It only takes walking along the streets of cities like Buenos Aires to notice the distinct features of Argentine architecture. Like the country itself, Argentina’s architectural heritage is the result of a wealth of international influences, with buildings across the city varying from imposing, Haussman-style apartment blocks to radically modern, conceptual designs.
Though the county’s older architecture owes itself to Spanish colonisation and the influx of European immigrants at the beginning of the 20th century, the international element of the country’s architecture has still not been lost. And with a continual input from overseas, architecture today has retained a unique sense of diversity.
With this same element of internationality at its centre, the ‘Argentine Architects in the World’ exhibition begins with an explanation of recent architecture. Aiming to show how Argentine architecture is not solely international in its influences, the exhibition explains how, due to the recurring difficult economic situations in the 20th century, architects in Argentina have been forced to find work elsewhere. When they returned, not only did they come back with a wealth of international influences, they had also injected Argentina’s architecture into different cities around the world.
Luis J. Grossman and Daniel O. Casoy are the curators of the exhibition which is now in its ninth year and is presently showing at the Centro Cultural Recoleta for the first time. Part of a larger organisation of the same name, the architects shown at ‘Argentine Architects in the World’ have each been chosen for their unique input into architecture and what results is arguably a collection of the most important names in the contemporary architectural world.
The exhibition is split into two parts, with one room dedicated to the collections of previous years. Photos and diagrams accompany profiles of architects, and although admittedly the commentaries can sometimes be overly proud in their tone, this part of the exhibition is, nonetheless, a fascinating run-through some of Argentina’s most important architectural names.
Walking around the room is like going on a tour with an expert guide. Familiar faces of buildings such as the Catholic University of Argentina and the MALBA gallery mean that, even if architecture isn’t your speciality, this exhibition never fails to be interesting and offers a unique insight into your surroundings in Buenos Aires. Looking at Argentine architecture in cities such as Miami, Munich and Madrid, ‘Argentine Architects in the World’ also offers a point of comparison between architecture in Argentina and the rest of the world.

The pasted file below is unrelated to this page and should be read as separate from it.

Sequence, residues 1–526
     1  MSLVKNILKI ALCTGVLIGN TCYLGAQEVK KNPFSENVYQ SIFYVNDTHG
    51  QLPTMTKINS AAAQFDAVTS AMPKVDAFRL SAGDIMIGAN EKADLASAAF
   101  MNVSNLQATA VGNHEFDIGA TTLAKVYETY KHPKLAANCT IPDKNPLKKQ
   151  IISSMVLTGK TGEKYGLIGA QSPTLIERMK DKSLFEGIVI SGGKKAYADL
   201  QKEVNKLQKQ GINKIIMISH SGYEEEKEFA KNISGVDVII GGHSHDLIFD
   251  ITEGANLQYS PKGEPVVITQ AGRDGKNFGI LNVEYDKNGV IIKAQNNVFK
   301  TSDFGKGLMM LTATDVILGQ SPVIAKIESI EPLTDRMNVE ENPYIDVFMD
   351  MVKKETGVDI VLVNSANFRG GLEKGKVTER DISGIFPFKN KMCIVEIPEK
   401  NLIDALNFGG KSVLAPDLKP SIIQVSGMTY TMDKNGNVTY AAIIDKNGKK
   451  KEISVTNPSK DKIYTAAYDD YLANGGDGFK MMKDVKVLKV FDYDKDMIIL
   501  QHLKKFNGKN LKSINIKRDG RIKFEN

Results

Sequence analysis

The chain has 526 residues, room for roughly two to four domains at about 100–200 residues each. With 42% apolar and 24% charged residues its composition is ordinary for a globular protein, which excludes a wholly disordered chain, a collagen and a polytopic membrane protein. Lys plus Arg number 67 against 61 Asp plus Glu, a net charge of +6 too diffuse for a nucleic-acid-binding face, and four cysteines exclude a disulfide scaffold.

This year’s version of the exhibition is, however, a cut above the efforts of past years. For the first time in the exhibition’s history, original drawings of the buildings and constructions we pass on a daily basis are on display in their very earliest stages. The inclusion of the drawings – perhaps the result of the exhibition being held in an art space for the first time – means the exhibition cannot simply be described as “architectural.” The drawings are practically art objects in their own right, exposing a sense of creativity unique to each architect. Among them are Eduardo Catalano’s highly detailed drawings of his masterpiece La Floralis Generica – the huge, mechanical, silver flower in Recoleta – offering a previously unseen element of one of the most recognisable architectural successes in Buenos Aires. Standing in contrast to more colourful pieces, or those with more mathematical calculations, this year’s collection betrays a unique sense of each architect’s personality.
Architecture may not be something you know a lot about. But even if it isn’t your thing, this exhibition is a great way to get to know the strengths of the Argentine architecture that surrounds us every day. This year’s more creative side, and the detailed insights into each architect mean that this year, architecture in Argentina just became a lot more accessible.